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State Briefs

By the Associated Press • Nov 14, 2017 at 9:00 AM

Snyder cites 'significant' concerns over Enbridge pipeline

LANSING (AP) — Gov. Rick Snyder said he has "significant" long-term concerns after the company that operates twin oil pipelines in a Great Lakes waterway told state officials it found additional gaps in pipeline coating.

The governor released a statement Monday after Enbridge Inc. issued an update on inspections and repairs along Line 5. The pipelines carry 23 million gallons of oil and natural gas across northern Wisconsin and Michigan to refineries in Ontario each day.

Snyder said the company's overview doesn't indicate imminent danger for the Straits of Mackinac, but the update is "deeply concerning." He said he's no longer satisfied with Enbridge's operational and public information tactics.

Environmentalists want the 64-year-old pipelines closed. They say gaps in coating bolster their contention that the pipes are unsafe.

Man awaiting sentencing for murder hangs himself in jail

PONTIAC (AP) — Authorities say a man awaiting his life sentence in prison for killing his girlfriend and fleeing the state was found hanging in his Detroit-area jail cell.

Oakland County Sheriff's officials said 35-year-old Kevin Wiley was pronounced dead early Monday at a hospital after deputies discovered him. He was to be sentenced hours later for the April 2016 murder of Marie Colburn, found suffocated inside a closet by her mother in Pontiac.

Officials say deputies checked Wiley's cell 22 minutes earlier. They add he wasn't on suicide watch and showed no signs of harming himself, though he left a suicide note.

Wiley was arrested in Radcliff, Kentucky, a few weeks after the slaying, and extradited to Michigan. He was on parole for a manslaughter conviction and removed his electronic tether.

1-year-old survives Detroit-area crash that kills 4, police say

HARPER WOODS (AP) — A 1-year-old who was buckled into a car safety seat was the only survivor of a freeway crash in suburban Detroit early Monday morning that killed four young adults also traveling in the SUV, police said.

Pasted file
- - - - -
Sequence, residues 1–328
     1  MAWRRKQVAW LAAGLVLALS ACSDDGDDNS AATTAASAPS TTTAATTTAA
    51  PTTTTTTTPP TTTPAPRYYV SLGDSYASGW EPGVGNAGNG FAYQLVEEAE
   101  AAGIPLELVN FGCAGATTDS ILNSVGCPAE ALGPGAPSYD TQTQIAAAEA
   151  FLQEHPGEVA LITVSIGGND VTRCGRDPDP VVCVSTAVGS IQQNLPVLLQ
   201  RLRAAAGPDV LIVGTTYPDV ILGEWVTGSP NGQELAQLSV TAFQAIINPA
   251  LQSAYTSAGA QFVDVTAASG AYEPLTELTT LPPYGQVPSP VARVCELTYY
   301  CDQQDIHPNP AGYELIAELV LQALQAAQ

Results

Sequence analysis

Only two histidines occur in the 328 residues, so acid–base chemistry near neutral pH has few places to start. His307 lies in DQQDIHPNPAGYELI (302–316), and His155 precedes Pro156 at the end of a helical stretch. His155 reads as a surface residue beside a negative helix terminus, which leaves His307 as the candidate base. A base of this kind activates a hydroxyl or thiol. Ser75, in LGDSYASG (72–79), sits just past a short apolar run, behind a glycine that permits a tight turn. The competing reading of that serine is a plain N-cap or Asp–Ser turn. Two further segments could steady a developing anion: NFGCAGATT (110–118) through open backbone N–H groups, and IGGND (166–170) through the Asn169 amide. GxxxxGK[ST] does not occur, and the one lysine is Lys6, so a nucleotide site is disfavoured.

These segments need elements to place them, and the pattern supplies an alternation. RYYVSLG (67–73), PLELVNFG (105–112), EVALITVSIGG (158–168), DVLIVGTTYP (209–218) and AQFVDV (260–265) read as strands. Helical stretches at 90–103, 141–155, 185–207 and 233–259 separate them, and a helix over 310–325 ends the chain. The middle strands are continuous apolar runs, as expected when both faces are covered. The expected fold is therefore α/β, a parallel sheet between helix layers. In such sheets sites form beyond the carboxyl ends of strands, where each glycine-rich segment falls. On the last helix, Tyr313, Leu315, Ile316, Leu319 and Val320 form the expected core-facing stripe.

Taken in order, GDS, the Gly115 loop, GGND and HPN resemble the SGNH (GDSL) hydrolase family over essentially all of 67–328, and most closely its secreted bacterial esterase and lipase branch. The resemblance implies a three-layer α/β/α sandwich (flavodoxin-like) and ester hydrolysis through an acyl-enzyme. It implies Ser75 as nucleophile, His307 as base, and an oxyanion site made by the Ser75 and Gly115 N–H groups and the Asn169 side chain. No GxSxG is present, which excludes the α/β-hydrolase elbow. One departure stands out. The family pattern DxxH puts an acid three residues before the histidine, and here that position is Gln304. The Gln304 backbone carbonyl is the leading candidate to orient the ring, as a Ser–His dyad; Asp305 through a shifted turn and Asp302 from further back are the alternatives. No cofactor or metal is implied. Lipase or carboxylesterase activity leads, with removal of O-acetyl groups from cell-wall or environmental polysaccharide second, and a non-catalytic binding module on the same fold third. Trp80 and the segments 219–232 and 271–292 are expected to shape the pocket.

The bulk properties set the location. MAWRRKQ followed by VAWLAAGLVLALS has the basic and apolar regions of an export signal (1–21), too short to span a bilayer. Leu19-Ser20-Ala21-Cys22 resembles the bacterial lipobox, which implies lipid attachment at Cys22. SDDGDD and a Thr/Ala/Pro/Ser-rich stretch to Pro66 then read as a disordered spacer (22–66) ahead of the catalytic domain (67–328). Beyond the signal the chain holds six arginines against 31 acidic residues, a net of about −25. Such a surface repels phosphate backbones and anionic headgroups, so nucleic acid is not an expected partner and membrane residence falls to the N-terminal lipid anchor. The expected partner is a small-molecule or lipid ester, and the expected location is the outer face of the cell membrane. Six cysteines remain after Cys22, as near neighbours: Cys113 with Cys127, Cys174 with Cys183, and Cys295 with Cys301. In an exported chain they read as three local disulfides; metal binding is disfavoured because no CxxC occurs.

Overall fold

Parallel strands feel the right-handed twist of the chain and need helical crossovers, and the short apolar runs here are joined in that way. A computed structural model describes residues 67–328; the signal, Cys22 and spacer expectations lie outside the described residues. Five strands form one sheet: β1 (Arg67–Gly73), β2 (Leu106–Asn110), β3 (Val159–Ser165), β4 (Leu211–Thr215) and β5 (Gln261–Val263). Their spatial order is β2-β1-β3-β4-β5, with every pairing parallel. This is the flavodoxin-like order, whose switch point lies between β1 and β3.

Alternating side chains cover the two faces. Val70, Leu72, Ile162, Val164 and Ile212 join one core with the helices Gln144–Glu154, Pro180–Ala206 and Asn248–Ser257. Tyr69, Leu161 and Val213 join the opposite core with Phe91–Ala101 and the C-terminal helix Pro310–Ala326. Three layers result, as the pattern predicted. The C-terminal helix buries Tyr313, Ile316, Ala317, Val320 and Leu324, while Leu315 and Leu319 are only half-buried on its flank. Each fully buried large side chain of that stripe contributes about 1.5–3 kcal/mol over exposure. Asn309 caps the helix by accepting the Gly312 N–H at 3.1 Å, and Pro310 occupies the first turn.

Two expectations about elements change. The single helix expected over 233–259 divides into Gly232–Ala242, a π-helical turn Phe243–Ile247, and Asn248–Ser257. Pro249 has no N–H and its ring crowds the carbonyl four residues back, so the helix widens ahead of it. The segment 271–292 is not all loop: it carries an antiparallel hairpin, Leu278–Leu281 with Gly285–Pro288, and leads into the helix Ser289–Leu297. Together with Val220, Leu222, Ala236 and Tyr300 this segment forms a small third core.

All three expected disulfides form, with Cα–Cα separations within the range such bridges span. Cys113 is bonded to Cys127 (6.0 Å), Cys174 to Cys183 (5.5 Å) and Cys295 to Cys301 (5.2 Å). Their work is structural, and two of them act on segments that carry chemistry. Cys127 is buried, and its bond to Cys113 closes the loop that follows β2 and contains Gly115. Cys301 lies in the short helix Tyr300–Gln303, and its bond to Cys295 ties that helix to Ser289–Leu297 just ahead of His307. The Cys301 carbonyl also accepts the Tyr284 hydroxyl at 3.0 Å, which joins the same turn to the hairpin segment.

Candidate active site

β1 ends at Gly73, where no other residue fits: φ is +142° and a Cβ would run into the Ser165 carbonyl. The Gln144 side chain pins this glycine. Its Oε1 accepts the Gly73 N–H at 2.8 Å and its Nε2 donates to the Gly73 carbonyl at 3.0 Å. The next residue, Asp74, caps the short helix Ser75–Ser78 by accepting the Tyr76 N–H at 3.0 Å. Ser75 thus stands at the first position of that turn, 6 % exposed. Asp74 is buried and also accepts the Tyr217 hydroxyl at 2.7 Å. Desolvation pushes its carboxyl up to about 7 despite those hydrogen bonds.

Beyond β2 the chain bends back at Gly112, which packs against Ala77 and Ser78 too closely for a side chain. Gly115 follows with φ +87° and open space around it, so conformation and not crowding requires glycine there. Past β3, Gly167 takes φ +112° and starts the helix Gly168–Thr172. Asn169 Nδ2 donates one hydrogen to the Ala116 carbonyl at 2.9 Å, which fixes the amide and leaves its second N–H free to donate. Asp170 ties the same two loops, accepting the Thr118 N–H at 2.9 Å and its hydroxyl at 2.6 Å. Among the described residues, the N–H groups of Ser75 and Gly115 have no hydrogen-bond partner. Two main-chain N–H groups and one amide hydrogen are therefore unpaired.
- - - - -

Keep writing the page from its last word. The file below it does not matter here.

The SUV was speeding past other vehicles in the left eastbound lane of I-94 in Harper Woods at about 1 a.m. Monday when the 20-year-driver, Doreal Rodgers, lost control of the vehicle, crossed three lanes and hit a bridge, Michigan State Police said.

Rodgers; front-seat passenger Alesia Maddox, 20; and rear-seat passengers Armonie Maddox, 18, and Ervin Johnson, 18, were not wearing seat belts and died instantly, police said. At least two of them were ejected from the SUV during the crash.

The child passenger suffered minor injuries.

Rodgers and the Maddoxes were from Detroit. Johnson lived in nearby Eastpointe.

"The baby was in the car seat," witness John Wade told WXYZ-TV. "That was the only thing that probably ... saved the baby."

The eastbound lanes were closed for several hours Monday morning following the crash.

Dearborn Heights police officer arraigned in crash death

ALLEN PARK (AP) — A Dearborn Heights police officer has been arraigned on a reckless driving charge stemming from a fatal January crash.

Larry A. Little, 32, entered a not-guilty plea during Monday's hearing. He faces one count of with reckless driving causing death.

Prosecutors say Little was traveling 81 mph in a 40 mph zone when his police cruiser struck another vehicle Jan. 2. The crash killed the other motorist, 59-year-old Timothy Lee Turner of Wixom.

WDIV-TV reported that officials said the overhead lights were off on Little's cruiser and its siren was not activated at the time of the crash. Prosecutors said the cruiser's data recorder showed that Little was continuing to accelerate two seconds before impact.

Little is on paid administrative leave pending the outcome of the case.

Snyder signs legislation to end Michigan's beer keg tag law

LANSING (AP) — Gov. Rick Snyder has signed legislation to repeal a requirement that beer kegs be sold with tags that can identify who bought them.

Snyder's move Monday brings to an end a 2010 law aimed at curtailing "keggers" that attract underage drinkers. Critics say the law hasn't curbed underage or binge drinking and has led party-goers to turn to hard liquor or cases of beer.

The repeal law takes effect in 90 days.

Under the keg law, keg buyers must sign a receipt listing their name, address and phone number, and they must show a driver's license or state I.D. card. Stores attach a tag to each keg and keep a copy of the receipt for at least 30 days. A deposit isn't returned unless the tag remains on the keg.

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